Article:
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The drive to give new life to historic tracks

By Adam Stern
Speedway Motorsports intends to renovate Nashville Fairgrounds Speedway.Perkins Eastman

At a time when NASCAR is eyeing state-of-the-art innovations to help spark its resurgence, the sport is also looking to its past with a couple of historic short tracks being considered for renovation.

 

Track operator Speedway Motorsports is at the heart of the gamble, working on a deal to refurbish Nashville Fairgrounds Speedway and bring major NASCAR events back to the downtown area of Music City. Speedway Motorsports has struck a deal in principle with the city, which owns the Fairgrounds, but it still needs to be approved by local councils, and some residents have opposed the plan.

The track was built as a dirt oval in 1904 and paved in 1958. Speedway Motorsports is targeting 2024 as the year to bring NASCAR back to the roughly half-mile track, which hasn’t hosted the Cup Series since 1984.

Speedway Motorsports is also working on a project to renovate the historic 0.625-mile North Wilkesboro Speedway in North Carolina, although the track operator’s full intent — including whether to bring NASCAR Cup Series races back there — is not yet clear. The state recently allocated $18 million to the track, which opened in 1947, as part of Speedway Motorsports’ efforts, although a full re-modernization of the aged venue is expected to cost much more.

The moves come at a time when NASCAR fans have been resolutely pushing the sport to add more short tracks to its schedule. In a sport obsessed with nostalgia, the idea of renovating decades-old tracks is bold but feasible, and NASCAR has been reimagining its schedule. Still, questions remain about what the projects will entail, how soon they can happen and how well NASCAR fans will respond.

Renovating antiquated short tracks “has its limitations — it wouldn’t succeed in every location,” said former driver Dale Earnhardt Jr., the NBC Sports broadcaster and entrepreneur who is a confidant of Speedway Motorsports President and CEO Marcus Smith.

It also has plans for the abandoned North Wilkesboro Speedway in North Carolina.getty images

“The reason we left North Wilkesboro wasn’t because it was failing; there was just this idea that we needed to be grander and there were bigger opportunities in Texas and so forth,” Earnhardt said. “That’s why North Wilkesboro could work, because a lot of people didn’t want to see it go away.” Speedway Motorsports moved races from North Wilkesboro to Texas Motor Speedway and New Hampshire Motor Speedway in the 90s.

“Then with the Fairgrounds, it’s a functioning facility and the fact that we took the [NASCAR] awards banquet there (to Nashville) … has given it a real opportunity, real life,” Earnhardt said.

The NASCAR Cup Series returned to Nashville this year but races at Nashville Superspeedway, which was built in 2001. The plans for the Fairgrounds set up an interesting dynamic given that no city has two tracks that host Cup Series races, and they became less clear after Speedway Motorsports reached an agreement to purchase Nashville Superspeedway last month. That deal is still subject to approval from shareholders of Dover Motorsports, which owns the Superspeedway.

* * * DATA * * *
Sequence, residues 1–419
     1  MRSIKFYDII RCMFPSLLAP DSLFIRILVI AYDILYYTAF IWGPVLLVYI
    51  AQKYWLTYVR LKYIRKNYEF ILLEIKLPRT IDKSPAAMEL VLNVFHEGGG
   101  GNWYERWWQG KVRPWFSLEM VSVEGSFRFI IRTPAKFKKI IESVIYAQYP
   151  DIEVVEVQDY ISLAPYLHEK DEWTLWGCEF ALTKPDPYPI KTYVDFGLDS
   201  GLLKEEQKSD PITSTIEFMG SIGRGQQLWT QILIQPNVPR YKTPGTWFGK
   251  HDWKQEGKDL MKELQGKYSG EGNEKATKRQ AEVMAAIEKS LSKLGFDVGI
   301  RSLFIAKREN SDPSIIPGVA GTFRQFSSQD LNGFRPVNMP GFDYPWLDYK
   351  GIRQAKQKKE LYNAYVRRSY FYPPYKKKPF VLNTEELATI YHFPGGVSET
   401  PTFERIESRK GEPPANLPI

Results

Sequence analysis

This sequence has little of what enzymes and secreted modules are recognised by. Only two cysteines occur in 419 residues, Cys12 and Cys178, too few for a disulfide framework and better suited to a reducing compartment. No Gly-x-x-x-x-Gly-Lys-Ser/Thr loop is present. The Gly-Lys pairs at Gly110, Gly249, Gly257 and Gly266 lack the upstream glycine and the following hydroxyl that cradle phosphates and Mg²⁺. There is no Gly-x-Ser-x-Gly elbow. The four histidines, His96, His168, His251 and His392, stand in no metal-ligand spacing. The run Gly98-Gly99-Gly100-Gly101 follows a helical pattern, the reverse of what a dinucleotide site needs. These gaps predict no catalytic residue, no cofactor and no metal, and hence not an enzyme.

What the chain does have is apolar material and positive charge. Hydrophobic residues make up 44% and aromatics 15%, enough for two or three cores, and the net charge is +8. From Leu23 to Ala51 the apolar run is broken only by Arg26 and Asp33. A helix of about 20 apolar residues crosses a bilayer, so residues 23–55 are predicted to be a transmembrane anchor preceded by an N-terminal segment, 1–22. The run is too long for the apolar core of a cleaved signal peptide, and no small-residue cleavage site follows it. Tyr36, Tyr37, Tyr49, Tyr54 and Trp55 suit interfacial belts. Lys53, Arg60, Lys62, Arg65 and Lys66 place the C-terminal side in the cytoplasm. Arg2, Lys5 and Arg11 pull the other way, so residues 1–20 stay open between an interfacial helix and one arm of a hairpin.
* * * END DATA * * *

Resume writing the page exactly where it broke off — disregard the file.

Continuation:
While Smith has been clear that he wants to bring back top-flight NASCAR racing to the Fairgrounds, his exact intentions with North Wilkesboro remain less clear. He said in a statement when the $18 million allocation was announced that the goal “will be to modernize the property so that it can host racing and special events again in the future.” Speedway Motorsports would not comment further.

Ben Kennedy, NASCAR’s senior vice president of strategy and innovation, told Sports Business Journal that the North Wilkesboro project “is an interesting concept — we obviously have a ton of fans in that North Carolina/South Carolina corridor, and as we look at future schedules and iterations, we’ll certainly stay close to [Speedway Motorsports’] Marcus Smith, Mike Burch and the entire team [about the possibility]. … That said, we want to make sure that we’re not oversaturating that market, too.”

While the prospect of a Cup Series race in North Wilkesboro would face longer odds given a multitude of factors, NASCAR’s other tiers, such as the Xfinity and Truck series, could be candidates to race there.

The upstart Superstar Racing Experience would also be interested in running a race at North Wilkesboro, according to co-founder Ray Evernham, who said “let me tell you, we would love to be at North Wilkesboro — that would be awesome.”

One other historic track that is being renovated is Rockingham Speedway in North Carolina, although its prospects for bringing NASCAR back are even less clear because it is now owned by a group of local investors instead of a promoter heavyweight like NASCAR or Speedway Motorsports, which control most of the Cup Series dates on the schedule. Rockingham will get $9 million in state funds for its renovation efforts as part of the recent state allocation. The track last hosted a NASCAR Cup Series race in 2004.

“Rockingham is missing a lot of the variables and ingredients that those two tracks have to ever get the sport to go back there,” Earnhardt said. “Not saying it never will happen, but I just don’t see how it can create the momentum the other two have created.”

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